The decision-making process

Before each regularly scheduled meeting of the FOMC, System staff prepare written reports on past and prospective economic and financial developments that are sent to Committee members and to nonmember Reserve Bank presidents. Reports prepared by the Manager of the System Open Market Account on operations in the domestic open market and in foreign currencies since the last regular meeting are also distributed. At the meeting itself, staff officers present oral reports on the current and prospective business situation, on conditions in financial markets, and on international financial developments. In its discussions, the Committee considers factors such as trends in prices and wages, employment and production, consumer income and spending, residential and commercial construction, business investment and inventories, foreign exchange markets, interest rates, money and credit aggregates, and fiscal policy. The Manager of the System Open Market Account also reports on account transactions since the previous meeting.

After these reports, the Committee members and other Reserve Bank presidents turn to policy. Typically, each participant expresses his or her own views on the state of the economy and prospects for the future and on the appropriate direction for monetary policy. Then each makes a more explicit recommendation on policy for the coming intermeeting period (and for the longer run, if under consideration). [4]

Consensus

Finally, the Committee must reach a consensus regarding the appropriate course for policy, which is incorporated in a directive to the Federal Reserve Bank of New York—the Bank that executes transactions for the System Open Market Account. The directive is cast in terms designed to provide guidance to the Manager in the conduct of day-to-day open market operations. The directive sets forth the Committee's objectives for long-run growth of certain key monetary and credit aggregates. It also sets forth operating guidelines for the degree of ease or restraint to be sought in reserve conditions and expectations with regard to short-term rates of growth in the monetary aggregates. Policy is implemented with emphasis on supplying reserves in a manner consistent with these objectives and with the nation's broader economic objectives. [4]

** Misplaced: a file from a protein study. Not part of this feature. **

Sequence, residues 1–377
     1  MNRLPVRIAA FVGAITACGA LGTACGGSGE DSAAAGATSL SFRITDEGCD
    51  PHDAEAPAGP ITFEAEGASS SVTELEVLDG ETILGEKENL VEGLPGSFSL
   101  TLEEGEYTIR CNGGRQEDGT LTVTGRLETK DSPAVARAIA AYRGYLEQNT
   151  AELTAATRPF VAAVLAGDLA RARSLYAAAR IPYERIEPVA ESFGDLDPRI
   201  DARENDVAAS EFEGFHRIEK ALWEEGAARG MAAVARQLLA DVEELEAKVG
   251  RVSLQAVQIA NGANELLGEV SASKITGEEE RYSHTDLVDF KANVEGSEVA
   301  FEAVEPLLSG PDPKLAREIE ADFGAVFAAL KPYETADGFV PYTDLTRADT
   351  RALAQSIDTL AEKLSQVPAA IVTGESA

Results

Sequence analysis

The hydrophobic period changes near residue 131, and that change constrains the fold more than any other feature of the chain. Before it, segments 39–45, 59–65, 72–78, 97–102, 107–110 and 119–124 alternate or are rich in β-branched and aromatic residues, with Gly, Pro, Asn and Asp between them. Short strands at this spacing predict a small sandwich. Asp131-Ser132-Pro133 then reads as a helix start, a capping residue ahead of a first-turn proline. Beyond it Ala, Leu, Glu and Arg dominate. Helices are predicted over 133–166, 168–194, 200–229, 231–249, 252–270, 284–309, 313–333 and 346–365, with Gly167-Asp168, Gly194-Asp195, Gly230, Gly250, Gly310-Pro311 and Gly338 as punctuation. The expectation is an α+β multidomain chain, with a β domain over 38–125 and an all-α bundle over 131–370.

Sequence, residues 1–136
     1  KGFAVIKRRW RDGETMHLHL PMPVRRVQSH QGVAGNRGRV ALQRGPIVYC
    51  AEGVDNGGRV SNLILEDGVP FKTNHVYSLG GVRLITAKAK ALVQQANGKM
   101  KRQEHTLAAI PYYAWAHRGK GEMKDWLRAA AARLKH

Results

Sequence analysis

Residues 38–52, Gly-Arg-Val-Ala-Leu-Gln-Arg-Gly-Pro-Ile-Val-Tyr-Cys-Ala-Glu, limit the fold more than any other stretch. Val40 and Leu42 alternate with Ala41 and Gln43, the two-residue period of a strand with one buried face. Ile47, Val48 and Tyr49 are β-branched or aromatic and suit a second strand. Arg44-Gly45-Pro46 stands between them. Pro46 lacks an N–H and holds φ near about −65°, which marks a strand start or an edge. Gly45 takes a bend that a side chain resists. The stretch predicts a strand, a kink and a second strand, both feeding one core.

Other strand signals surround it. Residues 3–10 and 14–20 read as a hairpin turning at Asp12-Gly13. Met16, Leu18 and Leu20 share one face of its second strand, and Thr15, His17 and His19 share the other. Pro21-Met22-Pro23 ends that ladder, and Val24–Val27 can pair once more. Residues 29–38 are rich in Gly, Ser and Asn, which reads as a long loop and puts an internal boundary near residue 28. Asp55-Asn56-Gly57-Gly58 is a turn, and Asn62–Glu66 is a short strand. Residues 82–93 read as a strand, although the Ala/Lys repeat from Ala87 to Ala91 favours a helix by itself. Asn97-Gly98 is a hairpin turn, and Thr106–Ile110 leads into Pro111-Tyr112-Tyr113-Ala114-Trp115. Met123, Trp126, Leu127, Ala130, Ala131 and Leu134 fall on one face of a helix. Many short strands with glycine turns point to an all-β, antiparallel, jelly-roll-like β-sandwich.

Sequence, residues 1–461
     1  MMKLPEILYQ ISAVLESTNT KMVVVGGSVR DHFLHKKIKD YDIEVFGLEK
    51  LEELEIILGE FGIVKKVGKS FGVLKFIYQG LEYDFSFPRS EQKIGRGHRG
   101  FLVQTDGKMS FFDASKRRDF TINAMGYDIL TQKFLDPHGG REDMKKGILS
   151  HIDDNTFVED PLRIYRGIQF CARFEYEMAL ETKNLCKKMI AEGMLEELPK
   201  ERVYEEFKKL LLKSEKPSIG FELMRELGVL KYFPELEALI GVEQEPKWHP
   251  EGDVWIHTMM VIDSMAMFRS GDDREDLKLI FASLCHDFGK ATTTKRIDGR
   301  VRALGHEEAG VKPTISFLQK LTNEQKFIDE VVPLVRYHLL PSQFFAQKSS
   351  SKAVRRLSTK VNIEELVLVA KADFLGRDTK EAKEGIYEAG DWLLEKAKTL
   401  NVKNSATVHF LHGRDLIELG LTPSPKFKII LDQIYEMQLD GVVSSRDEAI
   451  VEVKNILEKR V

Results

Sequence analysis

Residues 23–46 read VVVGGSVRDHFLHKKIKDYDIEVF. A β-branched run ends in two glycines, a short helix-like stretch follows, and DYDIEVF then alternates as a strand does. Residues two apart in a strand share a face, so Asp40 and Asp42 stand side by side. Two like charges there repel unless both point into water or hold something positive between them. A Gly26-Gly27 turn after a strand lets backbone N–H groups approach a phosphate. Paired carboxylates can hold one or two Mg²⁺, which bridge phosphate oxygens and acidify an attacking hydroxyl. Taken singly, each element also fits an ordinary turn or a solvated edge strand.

Congressional oversight

Under the Federal Reserve Act, the Chairman of the Board of Governors of the Federal Reserve System must appear before Congressional hearings at least twice per year regarding “the efforts, activities, objectives and plans of the Board and the Federal Open Market Committee with respect to the conduct of monetary policy”. The statute requires that the Chairman appear before the House Committee on Banking and Financial Services in February and July of odd numbered years, and before the Senate Committee on Banking, Housing, and Urban Affairs in February and July of even numbered years.[5]

Current members

The members of the FOMC during 2009 are:[6]

Members

Alternate Members

Federal Reserve Bank Rotation on the FOMC
Committee membership changes at the first regularly scheduled meeting of the year.

2010 Members - New York, Cleveland, Boston, St. Louis, Kansas City

2010 Alternate Members - New York, Chicago, Philadelphia, Dallas, Minneapolis

See also

References

External links


Advertisements






Got something to say? Make a comment.
Your name
Your email address
Message